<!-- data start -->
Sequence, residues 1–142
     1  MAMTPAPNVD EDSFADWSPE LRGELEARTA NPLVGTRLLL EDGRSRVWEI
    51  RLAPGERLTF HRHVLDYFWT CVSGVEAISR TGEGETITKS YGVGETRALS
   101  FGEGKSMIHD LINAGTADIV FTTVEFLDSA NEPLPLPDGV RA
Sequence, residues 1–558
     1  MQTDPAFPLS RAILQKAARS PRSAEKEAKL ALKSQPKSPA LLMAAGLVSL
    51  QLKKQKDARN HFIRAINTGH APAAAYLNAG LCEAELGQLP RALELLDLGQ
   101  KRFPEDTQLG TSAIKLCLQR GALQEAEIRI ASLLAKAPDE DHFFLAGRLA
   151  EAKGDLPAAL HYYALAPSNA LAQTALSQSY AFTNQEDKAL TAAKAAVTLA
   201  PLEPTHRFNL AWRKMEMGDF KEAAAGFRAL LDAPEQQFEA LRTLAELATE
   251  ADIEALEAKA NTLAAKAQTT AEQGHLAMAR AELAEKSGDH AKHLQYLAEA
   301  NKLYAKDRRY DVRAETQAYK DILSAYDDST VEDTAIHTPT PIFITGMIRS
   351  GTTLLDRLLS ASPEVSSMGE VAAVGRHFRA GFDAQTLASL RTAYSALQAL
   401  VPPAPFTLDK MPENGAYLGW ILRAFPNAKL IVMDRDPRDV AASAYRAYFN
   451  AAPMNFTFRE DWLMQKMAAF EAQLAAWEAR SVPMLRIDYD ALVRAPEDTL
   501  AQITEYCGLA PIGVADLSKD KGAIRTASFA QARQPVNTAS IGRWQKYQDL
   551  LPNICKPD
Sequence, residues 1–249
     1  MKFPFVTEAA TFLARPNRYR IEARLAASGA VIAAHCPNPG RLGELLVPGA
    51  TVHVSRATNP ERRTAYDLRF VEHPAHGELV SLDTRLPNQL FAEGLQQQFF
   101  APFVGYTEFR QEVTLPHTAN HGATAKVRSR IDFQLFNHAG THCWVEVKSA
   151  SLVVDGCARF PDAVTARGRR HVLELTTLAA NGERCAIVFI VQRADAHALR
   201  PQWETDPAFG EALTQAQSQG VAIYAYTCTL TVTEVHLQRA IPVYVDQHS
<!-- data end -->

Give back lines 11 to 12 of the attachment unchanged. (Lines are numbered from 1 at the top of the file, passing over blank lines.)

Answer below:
   251  ADIEALEAKA NTLAAKAQTT AEQGHLAMAR AELAEKSGDH AKHLQYLAEA
   301  NKLYAKDRRY DVRAETQAYK DILSAYDDST VEDTAIHTPT PIFITGMIRS